Skip the dessert and grab a glass of ice wine instead. Also written as icewine, this delicious dessert wine is made from grapes that are frozen while they're still on the vine. The process allows for a more concentrated pressed grape juice that's wonderfully sweet.
By waiting to harvest the grapes until they are frozen, winemakers are able to produce a wine concentration that's much sweeter than normal. While each grape and the water within the grape freeze, the sugars do not, which results in the more concentrated, sugary liquid. The result is a syrupy, sweet treat that's perfect for sharing with friends and family around the holidays.
Who Picks These Grapes Anyway?
Someone with warm gloves, hopefully. Many vineyards hand-harvest these grapes during the coldest time of the day, typically at night. Unlike other dessert wines, ice wine grapes are not affected by noble rot, which is a gray fungus that plagues grapes in moist conditions, destroying entire crops.
Still, producing ice wine comes with its own risks because it all depends on the weather. In some cases, the frost may not come before the grapes rot. Even if the frost is perfectly timed with the crop's ripeness, it still means calling in labor forces at a moment's notice to pick the entire crop within a few hours, usually on a cold morning. Remember, the grapes are picked frozen. Because of this, ice wine is made in small amounts and is typically expensive, but the distinctively sweet flavor profile makes all the risks and effort worth it.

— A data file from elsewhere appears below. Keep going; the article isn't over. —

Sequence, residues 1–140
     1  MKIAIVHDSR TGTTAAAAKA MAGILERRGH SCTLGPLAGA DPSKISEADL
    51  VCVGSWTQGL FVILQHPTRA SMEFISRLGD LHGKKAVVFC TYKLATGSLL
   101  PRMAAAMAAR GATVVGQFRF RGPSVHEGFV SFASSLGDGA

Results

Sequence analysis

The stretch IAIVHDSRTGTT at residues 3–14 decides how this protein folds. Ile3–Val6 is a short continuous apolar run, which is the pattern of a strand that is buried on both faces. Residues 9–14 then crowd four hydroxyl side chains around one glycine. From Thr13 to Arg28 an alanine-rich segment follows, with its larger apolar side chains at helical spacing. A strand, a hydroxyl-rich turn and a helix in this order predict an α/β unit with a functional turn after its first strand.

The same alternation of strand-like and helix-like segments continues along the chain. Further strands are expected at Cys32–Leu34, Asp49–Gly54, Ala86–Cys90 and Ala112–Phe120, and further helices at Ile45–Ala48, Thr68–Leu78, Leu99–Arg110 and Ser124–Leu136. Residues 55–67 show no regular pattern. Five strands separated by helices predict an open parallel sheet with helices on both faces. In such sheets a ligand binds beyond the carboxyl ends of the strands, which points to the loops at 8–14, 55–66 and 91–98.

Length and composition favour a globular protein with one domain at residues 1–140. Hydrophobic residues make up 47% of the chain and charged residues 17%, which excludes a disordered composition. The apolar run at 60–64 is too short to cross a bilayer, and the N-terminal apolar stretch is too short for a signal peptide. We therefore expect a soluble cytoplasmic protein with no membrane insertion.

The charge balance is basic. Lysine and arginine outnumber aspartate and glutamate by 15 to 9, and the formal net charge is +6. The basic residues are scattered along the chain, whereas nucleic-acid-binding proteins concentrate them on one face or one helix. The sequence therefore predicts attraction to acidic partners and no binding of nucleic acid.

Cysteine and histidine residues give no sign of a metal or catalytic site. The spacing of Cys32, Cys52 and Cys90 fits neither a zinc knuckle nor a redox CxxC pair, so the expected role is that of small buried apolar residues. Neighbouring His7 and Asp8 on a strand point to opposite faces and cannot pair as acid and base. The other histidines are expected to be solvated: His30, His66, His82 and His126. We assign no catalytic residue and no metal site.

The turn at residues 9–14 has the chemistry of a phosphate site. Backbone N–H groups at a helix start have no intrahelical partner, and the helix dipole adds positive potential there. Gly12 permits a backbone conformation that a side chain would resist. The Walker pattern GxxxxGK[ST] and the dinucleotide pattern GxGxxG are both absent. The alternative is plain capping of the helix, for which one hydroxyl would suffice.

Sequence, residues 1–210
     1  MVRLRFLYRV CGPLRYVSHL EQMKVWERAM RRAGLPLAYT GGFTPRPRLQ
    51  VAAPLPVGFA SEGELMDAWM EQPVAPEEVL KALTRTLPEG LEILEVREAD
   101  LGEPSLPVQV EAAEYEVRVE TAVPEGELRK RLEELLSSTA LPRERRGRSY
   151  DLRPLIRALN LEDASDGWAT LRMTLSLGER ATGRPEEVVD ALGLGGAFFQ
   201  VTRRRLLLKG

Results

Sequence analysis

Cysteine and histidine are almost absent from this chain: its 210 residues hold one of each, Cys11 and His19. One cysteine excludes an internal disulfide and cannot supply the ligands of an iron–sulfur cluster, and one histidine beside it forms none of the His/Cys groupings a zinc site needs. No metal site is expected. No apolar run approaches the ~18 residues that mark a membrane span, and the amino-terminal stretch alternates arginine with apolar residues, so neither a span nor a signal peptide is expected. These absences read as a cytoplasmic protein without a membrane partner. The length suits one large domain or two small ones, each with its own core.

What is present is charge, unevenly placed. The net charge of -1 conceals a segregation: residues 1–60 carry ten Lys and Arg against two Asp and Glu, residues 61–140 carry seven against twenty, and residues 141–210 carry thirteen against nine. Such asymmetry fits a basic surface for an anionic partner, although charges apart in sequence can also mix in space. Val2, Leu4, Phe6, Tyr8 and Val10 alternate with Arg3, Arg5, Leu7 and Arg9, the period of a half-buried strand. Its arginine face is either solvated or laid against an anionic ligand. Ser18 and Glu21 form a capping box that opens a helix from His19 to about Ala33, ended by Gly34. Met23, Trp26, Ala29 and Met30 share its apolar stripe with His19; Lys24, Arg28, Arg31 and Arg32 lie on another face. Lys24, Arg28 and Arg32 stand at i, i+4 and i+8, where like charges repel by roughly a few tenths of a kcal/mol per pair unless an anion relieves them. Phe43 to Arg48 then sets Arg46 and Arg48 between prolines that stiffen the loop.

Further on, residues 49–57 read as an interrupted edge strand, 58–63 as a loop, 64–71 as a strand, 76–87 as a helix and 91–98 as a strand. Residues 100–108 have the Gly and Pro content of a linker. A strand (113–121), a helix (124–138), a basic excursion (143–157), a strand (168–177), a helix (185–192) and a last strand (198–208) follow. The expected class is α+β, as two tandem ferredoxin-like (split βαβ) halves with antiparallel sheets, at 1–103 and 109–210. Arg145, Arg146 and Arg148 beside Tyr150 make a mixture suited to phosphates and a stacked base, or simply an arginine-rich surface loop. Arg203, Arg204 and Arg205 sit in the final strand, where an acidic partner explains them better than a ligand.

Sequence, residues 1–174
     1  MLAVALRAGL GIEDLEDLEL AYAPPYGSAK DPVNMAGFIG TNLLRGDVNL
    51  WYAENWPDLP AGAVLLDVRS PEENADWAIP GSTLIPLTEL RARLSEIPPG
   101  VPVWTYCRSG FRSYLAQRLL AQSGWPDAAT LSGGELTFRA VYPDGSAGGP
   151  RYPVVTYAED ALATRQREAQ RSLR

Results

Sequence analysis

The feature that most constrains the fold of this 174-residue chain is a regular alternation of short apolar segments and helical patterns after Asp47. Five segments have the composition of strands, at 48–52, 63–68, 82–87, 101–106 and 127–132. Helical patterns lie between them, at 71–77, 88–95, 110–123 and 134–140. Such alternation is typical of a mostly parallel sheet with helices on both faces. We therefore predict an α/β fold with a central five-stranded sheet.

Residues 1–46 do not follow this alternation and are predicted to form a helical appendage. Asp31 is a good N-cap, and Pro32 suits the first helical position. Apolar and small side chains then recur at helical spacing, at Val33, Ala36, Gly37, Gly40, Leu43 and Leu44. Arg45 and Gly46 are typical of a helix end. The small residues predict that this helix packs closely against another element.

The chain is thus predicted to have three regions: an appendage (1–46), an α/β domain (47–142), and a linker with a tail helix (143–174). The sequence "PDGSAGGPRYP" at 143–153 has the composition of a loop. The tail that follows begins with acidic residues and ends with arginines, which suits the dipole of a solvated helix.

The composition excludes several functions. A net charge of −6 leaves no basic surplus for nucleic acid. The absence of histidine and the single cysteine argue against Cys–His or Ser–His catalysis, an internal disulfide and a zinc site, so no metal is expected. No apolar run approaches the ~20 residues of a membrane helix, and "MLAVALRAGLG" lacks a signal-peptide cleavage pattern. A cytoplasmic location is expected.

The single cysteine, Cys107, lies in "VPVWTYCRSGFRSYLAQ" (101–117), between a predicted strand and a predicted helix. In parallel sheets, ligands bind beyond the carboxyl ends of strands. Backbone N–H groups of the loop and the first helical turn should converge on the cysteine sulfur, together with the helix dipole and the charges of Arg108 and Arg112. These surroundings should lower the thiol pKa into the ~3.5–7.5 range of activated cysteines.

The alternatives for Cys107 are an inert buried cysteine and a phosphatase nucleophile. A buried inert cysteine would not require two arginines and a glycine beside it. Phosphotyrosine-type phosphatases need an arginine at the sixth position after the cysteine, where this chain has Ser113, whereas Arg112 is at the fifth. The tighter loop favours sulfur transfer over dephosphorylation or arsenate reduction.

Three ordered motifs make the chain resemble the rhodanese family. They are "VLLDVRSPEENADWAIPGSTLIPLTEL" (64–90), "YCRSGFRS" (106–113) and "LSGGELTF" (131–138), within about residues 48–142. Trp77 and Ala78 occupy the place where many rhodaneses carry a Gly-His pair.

How to Drink It:
Despite the high sugar content, ice wine boasts a high acidity that nicely balances the flavors, making it a refreshing option for wine lovers. It also features a lower alcohol content than most wines. Despite the name, you never want to over-chill an ice wine. An hour or two in the fridge is all it needs before serving. When it's chilled properly, ice wine offers the perfect syrupy consistency on the palate.
Serve ice wine in a regular white wine glass to showcase its exquisite aromas. You can also go the traditional route and pour it into a smaller glass. If you have any leftover ice wine from the evening before, mix it into a wine cocktail to use the rest of the bottle.
Chunky sweaters and rosy cheeks. In all seriousness, this wine can stand up to rich flavors such as foie gras and heavy cheeses. It's also a natural complement to decadent dessert options. The general rule is to serve your ice wine with a dessert that is slightly less sweet or a bit lighter to really highlight the flavors of each. Present guests with ice wine for dessert paired with fresh fruit and cheese or with chocolate. You can also drink ice wine as an apéritif to stimulate the appetite before a meal.
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